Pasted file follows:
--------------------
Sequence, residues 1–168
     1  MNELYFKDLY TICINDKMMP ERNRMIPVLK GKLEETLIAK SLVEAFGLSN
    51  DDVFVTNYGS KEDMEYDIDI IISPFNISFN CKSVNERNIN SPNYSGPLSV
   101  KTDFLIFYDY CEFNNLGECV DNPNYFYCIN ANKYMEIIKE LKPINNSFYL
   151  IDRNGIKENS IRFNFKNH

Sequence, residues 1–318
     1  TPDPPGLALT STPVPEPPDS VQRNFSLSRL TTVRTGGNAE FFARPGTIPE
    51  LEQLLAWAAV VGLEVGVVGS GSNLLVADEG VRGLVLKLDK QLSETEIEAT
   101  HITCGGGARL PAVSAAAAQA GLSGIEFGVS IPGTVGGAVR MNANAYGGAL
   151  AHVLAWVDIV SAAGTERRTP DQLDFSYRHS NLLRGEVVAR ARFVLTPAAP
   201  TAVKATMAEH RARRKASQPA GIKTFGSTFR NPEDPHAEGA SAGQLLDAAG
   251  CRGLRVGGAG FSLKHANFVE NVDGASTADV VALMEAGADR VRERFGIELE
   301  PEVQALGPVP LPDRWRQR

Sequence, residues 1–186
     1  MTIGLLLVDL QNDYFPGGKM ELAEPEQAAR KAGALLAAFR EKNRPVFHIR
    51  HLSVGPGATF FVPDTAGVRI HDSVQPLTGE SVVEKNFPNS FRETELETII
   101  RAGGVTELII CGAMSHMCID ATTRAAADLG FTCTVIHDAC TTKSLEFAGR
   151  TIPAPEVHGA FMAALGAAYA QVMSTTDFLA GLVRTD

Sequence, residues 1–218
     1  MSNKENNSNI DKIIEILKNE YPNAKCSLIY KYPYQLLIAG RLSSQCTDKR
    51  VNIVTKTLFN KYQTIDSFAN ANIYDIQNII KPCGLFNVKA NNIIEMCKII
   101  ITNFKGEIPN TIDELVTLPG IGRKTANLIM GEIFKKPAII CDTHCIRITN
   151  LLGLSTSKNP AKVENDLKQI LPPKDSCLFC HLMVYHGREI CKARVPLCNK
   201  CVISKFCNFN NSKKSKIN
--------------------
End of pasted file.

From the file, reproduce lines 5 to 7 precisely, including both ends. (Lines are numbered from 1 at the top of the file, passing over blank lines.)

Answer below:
   151  IDRNGIKENS IRFNFKNH

Sequence, residues 1–318
     1  TPDPPGLALT STPVPEPPDS VQRNFSLSRL TTVRTGGNAE FFARPGTIPE